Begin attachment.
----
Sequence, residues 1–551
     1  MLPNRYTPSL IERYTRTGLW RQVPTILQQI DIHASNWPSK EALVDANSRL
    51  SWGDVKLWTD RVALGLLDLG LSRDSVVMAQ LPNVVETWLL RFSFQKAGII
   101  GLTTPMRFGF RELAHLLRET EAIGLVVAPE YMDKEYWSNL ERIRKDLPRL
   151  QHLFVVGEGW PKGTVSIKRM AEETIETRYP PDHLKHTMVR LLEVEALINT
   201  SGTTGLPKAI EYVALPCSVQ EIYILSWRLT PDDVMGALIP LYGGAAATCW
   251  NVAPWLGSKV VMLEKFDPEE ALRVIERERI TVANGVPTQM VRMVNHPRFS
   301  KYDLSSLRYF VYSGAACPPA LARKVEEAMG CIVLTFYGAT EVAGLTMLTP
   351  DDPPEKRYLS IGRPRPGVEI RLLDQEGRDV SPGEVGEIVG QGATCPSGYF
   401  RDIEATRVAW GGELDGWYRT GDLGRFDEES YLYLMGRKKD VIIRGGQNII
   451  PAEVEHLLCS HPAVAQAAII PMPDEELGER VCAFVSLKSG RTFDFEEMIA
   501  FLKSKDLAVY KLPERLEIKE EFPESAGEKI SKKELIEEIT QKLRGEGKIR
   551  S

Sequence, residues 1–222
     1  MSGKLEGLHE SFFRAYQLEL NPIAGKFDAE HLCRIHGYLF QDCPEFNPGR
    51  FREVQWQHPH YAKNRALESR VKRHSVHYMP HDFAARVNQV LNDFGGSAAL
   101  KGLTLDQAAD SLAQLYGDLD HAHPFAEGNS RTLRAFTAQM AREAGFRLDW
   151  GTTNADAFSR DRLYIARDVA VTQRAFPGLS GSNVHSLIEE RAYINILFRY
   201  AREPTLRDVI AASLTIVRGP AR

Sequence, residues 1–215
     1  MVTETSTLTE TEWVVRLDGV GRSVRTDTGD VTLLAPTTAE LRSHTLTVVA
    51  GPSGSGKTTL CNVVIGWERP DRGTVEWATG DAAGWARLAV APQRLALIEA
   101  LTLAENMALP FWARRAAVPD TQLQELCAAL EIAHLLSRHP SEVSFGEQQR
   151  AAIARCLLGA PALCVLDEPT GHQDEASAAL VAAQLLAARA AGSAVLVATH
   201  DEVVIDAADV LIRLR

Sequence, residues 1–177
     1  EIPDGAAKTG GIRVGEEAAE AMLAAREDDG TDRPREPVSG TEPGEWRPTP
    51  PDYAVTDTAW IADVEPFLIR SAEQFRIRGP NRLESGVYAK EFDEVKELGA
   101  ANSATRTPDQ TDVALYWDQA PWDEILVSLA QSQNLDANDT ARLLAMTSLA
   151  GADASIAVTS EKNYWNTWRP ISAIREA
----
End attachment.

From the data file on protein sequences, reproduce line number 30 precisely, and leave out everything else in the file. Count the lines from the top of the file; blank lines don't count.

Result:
   151  GADASIAVTS EKNYWNTWRP ISAIREA